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I’d rather learn by doing

| Monday, November 12, 2018

If you think about it, most education is based on “teaching.” We sit in classrooms and are fed information by professors that we need to be able to recite back on an exam at some later time. At least for me, I end up forgetting most of the information I learned within about two weeks of having taken the exam. To be honest, I think this system of education is inefficient. At least in my experience, I learn mostly by just taking action and emulating other people, eventually becoming comfortable enough to make variations. Everything that I’m best at I feel I didn’t learn in school but I learned by watching those around me and copying them to solve my own problems. So with that, I’m going to write my first column on how I think education could be more efficient.

The main problem I see is, in college, there are no high stakes, which leads to a lack of motivation. I’m studying architecture so I’ll use my experiences as an example. At Notre Dame, if I was responsible for designing some aspect of the building and then that design is determined to be faulty, I would receive a bad grade and that would be the end of it. On the other hand, if my design was implemented into an actual building to be built, a faulty design would put me responsible for potentially millions of dollars wasted and lives threatened.= Being in this kind of high stakes situation creates an environment which motivates you to learn as efficiently as possible while also providing you with a reward of tangible value (seeing your design become reality) if you succeed. I think this same idea applies to many fields (medicine, finance, engineering etc.)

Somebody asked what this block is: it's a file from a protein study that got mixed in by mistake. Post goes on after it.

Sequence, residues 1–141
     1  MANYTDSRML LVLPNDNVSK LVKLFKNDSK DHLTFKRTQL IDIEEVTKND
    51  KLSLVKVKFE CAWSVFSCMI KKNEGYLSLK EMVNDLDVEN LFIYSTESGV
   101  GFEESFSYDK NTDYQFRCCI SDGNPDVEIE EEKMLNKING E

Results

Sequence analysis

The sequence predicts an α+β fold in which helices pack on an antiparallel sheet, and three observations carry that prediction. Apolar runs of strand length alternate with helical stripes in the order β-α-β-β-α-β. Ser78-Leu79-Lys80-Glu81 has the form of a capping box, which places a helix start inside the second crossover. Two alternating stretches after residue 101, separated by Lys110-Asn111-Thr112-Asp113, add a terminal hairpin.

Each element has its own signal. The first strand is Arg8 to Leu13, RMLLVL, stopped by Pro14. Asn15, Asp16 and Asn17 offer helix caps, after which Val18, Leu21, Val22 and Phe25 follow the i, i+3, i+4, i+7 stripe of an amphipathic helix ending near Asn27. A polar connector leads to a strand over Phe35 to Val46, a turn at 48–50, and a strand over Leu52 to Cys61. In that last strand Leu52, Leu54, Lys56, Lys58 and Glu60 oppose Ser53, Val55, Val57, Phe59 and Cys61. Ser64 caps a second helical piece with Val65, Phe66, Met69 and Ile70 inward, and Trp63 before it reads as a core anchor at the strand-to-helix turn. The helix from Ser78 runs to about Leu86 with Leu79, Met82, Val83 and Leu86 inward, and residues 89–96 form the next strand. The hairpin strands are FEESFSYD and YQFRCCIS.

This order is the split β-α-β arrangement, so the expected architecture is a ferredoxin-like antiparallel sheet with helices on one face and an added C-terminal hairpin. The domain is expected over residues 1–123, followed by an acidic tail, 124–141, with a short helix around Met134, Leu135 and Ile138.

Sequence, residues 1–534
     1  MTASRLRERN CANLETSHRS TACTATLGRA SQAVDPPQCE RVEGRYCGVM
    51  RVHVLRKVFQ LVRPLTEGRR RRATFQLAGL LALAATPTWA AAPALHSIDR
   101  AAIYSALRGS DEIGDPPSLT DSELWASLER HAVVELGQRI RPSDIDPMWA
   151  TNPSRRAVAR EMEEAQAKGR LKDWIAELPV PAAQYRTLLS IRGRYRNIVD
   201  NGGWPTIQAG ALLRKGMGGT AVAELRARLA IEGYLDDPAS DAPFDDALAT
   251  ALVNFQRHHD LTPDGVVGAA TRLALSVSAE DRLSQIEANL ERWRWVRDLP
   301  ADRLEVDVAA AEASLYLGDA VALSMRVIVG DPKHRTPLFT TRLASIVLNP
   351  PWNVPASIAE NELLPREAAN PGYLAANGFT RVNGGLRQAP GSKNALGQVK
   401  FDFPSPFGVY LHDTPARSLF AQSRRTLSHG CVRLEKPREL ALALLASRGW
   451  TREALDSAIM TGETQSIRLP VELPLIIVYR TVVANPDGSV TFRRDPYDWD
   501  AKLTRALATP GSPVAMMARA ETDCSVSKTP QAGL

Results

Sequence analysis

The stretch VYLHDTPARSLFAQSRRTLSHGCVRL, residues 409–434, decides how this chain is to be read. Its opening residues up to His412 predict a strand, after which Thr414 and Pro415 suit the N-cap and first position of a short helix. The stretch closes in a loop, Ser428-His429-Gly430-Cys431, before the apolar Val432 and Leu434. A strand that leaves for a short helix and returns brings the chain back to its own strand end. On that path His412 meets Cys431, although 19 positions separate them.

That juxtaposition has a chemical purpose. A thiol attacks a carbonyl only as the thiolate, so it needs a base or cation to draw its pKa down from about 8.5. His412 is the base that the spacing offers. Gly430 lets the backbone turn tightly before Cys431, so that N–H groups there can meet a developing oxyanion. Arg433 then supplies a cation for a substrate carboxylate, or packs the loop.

I’m not trying to attack the college system because I know universities (Notre Dame in particular) are making efforts towards emphasizing hands-on undergraduate research. Also, professors make efforts to help students understand the real world implications of what they’re studying. However, these well-intentioned encouragements only reach so far because the only way to make students realize the real-world implications of what they’re doing is to put them into situations where there are real world implications.

So, I think an efficient system of education would be to have students out of high school start working on real world problems in a field they might be interested under the advisory of someone with experience. One could argue, “Well some people don’t know what hey want to do right out of high school and they use college to figure it out.” And that’s fine — I don’t think this system would work for everyone, and some might be better served learning in university. But for people who have an idea of the field they want to enter, but are restricted from entering into that field immediately out of high school because they first need to attain the credentials from University or other preliminary tests, this system would be a much more efficient method of education.


The views expressed in this column are those of the author and not necessarily those of The Observer.

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